What Does Listening Have To Do with Public Speaking?
I’ll bet you’ve been in a situation where someone talked and talked and talked at you, without regard for your reaction.
Typically, this might have been:
- A telemarketing call, where the marketer insisted on reading every word of his script;
- At a business meeting where the speaker droned on and on without noticing that her audience was asleep; or even
- During a conference or networking event, where the person you were trying to talk to spent 10 minutes pitching herself before asking anything about you.
Whatever the occasion, did being talked at non-step encourage you to listen more carefully?
I don’t think so!
In general, we listen to people who listen to us.
Not Listening is a Big Mistake
I think that’s because public speaking makes us nervous — and we all tend to listen less when we’re nervous or under stress.
Yet, ironically, when we’re speaking up for ourselves, our organizations, or our ideas, we need to listen more, not less. Only by listening can we discover:
- Who we’re talking to;
- What they find of interest or importance; and
- How our goals and interests overlap with theirs.
Now, there is one caveat: If you never do anything but listen to others — women, introverts, shy guys, I’m talking to you!! — ignore this advice. Instead, work on making strong, proactive statements about yourself, your business, and your successes.
But if, like most of us, you sometimes find yourself monopolizing the floor, that’s exactly the time to take a step back and begin listening to the people around you.
How do you do that, when you’re talking full tilt?
- The best way is to stop talking as soon as you come to the end of your current thought. It helps to literally shut your mouth.
- Or, if you like self-deprecating humor, you can trail of with a rueful comment, like:
And then I told him that if we didn’t get more people signed up before July 14th, I was going to… oh, you know, blah-blah-blah.
For Great Public Speaking, Learn to Stop, Look, and Listen
That’s also good advice for public speaking.
This isn’t a matter of social skill, but a reflection of the fact that, for extraverts, thoughts are most real when they’re spoken out loud; whereas introverts like to hold our ideas close.
Whichever of those preferences you favor, a slight pause before you jump in will give you a chance to assess the other person — and maybe find out that they want to speak first!
LOOK. In mainstream U.S. culture, we signal our interest in another person by making eye contact.
As a bonus, when you’re looking carefully, it’s easier to pick up information — such as whether or not the other person is interested in what you’re saying — that makes the conversation go better.
If you’re very shy, or were raised in a culture where direct eye contact is considered rude, this can be really hard. But the truth is that all of us can get better at making eye contact by practicing a little bit here and there.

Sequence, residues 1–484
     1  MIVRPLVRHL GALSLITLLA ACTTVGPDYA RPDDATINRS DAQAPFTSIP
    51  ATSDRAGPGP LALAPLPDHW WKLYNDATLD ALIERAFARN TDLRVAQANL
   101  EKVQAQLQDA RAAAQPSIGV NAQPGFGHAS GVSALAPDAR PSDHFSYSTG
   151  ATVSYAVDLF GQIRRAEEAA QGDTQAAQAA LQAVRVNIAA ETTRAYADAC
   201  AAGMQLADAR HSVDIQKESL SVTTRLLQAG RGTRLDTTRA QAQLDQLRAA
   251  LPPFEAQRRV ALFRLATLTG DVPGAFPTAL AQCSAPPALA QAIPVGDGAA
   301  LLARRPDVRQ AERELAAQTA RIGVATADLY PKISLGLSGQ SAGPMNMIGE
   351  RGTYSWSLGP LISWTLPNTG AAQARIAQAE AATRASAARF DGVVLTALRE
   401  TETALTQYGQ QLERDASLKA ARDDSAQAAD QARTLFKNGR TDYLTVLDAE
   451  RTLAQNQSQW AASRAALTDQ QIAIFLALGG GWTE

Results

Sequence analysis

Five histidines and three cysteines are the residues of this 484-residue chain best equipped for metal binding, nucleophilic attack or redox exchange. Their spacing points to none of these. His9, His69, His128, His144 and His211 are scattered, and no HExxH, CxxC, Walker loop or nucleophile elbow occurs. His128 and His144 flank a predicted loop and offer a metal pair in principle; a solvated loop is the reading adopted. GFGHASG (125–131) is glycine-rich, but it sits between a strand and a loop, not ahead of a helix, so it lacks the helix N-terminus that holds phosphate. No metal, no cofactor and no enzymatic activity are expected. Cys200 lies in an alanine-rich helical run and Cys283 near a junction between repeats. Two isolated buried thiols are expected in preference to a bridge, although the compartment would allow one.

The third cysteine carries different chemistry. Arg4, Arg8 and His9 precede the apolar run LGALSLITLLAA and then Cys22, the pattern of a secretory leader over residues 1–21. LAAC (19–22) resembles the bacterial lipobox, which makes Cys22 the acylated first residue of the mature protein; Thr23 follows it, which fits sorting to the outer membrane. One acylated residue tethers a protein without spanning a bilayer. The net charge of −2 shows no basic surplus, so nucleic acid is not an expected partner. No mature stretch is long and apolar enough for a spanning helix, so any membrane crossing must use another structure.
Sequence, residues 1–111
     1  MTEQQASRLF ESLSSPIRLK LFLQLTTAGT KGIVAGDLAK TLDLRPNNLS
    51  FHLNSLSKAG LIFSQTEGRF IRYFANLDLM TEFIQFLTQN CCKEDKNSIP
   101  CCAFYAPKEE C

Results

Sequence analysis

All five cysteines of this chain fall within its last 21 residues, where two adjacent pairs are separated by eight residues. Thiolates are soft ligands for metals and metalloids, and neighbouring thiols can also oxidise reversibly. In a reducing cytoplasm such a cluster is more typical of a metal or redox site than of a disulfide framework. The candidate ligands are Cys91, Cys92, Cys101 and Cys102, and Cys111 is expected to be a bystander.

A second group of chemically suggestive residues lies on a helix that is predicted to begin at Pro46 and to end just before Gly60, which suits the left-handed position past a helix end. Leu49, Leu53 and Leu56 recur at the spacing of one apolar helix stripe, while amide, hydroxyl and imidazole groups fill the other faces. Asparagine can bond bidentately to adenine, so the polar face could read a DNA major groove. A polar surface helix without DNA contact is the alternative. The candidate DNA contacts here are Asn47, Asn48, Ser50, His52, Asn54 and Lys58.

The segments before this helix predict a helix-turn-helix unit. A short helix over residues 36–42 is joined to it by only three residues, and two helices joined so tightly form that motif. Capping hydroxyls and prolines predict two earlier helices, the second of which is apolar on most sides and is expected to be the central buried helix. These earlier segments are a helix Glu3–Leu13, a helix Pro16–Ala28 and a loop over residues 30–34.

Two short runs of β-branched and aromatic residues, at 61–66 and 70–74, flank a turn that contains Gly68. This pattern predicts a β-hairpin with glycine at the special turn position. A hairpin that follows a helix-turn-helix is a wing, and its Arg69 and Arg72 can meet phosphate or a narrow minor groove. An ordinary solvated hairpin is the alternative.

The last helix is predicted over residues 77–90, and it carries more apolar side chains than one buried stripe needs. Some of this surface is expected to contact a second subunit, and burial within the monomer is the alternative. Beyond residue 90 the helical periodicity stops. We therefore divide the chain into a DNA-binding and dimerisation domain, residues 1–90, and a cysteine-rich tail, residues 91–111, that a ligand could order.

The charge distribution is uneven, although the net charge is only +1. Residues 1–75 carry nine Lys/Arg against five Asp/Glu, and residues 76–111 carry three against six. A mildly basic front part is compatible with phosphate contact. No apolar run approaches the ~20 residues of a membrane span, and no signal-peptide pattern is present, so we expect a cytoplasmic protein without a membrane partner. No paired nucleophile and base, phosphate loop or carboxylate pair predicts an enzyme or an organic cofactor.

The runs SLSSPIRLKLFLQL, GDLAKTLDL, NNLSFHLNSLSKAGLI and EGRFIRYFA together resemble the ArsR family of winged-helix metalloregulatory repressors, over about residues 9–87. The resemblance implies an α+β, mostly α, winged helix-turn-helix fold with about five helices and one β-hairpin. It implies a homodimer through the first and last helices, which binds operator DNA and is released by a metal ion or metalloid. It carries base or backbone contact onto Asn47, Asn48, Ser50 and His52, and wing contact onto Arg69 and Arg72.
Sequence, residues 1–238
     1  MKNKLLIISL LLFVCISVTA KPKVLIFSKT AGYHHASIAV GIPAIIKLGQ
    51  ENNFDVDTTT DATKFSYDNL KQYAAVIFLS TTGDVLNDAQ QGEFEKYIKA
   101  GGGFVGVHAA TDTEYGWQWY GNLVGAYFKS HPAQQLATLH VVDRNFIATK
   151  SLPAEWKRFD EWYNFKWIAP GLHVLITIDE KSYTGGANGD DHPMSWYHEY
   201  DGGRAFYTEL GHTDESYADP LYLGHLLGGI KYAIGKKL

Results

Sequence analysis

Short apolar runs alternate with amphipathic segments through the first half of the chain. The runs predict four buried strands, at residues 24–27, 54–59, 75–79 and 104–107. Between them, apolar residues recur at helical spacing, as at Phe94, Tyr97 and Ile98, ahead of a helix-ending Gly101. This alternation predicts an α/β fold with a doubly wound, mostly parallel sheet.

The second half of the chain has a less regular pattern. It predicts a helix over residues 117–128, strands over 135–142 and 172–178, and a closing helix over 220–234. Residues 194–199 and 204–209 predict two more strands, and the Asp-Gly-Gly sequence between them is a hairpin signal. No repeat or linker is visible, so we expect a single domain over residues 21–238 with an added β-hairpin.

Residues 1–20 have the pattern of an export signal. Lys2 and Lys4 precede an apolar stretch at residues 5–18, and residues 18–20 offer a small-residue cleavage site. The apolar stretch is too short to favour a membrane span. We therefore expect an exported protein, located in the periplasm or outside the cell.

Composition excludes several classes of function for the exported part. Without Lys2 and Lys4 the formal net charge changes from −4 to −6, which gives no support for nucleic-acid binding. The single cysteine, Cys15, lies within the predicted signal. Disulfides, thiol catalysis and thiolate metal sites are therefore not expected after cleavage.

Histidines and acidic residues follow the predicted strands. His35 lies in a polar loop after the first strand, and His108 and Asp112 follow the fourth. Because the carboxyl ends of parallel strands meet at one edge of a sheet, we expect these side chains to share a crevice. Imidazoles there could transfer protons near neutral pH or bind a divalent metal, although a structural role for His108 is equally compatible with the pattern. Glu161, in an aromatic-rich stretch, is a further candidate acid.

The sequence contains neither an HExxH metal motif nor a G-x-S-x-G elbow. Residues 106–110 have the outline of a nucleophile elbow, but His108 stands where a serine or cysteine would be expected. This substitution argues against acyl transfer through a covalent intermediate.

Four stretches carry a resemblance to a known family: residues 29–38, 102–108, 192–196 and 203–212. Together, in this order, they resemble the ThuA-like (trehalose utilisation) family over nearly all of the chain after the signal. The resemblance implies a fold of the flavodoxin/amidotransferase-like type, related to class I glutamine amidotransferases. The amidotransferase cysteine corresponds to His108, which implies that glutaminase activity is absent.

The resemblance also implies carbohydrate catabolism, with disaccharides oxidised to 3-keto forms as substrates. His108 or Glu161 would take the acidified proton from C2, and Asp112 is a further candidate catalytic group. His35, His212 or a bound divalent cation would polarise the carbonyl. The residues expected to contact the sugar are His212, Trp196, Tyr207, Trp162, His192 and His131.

Just remember: Your goal with eye contact is to actually observe the other person, not to hit them with a frozen, wooden stare.
LISTEN. This one is tough enough to get its own section:
You Can Listen More Effectively (We All Can!)
Listening is really hard work — as any audience member will tell you — but it’s also a skill, like any other, that can be developed in small increments.
Here are some tricks that will help you listen better:
1. Quiet your own internal voice.
Most of us have (to quote presidential speechwriter William Safire) a nattering nabob of negativity in our brains — a voice that delights in telling us that we’re not good enough, smart enough, thin enough, blah-blah-blah.
Buddhists call this internal chatter monkey mind. Freud called it your superego. In my book on public speaking, Speak Like Yourself… No, Really!, I call it your nasty little self-critical voice.
It can be very hard to hear other people when that voice is jabbering at you.
So try to ignore it, by any means necessary, and concentrate on what the person you’re talking to is saying.
To help you do this…
2. Silently repeat what the other person says
I find it helps me to focus if I silently repeat what I’m hearing; for example:
She works in finance. She does some kind of research. She’s bored with her job and wants to find a new one with more responsibility…
In a business meeting or other situation where you must retain what’s being said, you may also want to state what you heard and get confirmation:
Tell me if I’m hearing you correctly: You said that if we don’t re-do this campaign from top to bottom, at our own expense, you’ll take your account to another agency?
In addition, you can…
3. Take notes.
Whether it’s jotting down a few phrases on someone’s business card (“tall, wearing grey shirt, met at Levin Institute”) or writing down what was actually said, taking notes can also concentrate your mind and make it easier to listen.
To say nothing of reminding you, later on, what was said!
You Can Listen to Audiences, Too!
Stopping, looking, and listening before you speak can help you structure a conversation that’s a real exchange, and connects you to another person.
But for public speakers, it doesn’t end there. We also need to listen to our audiences — and in Public Speaking Tip 13, I’ll show you how!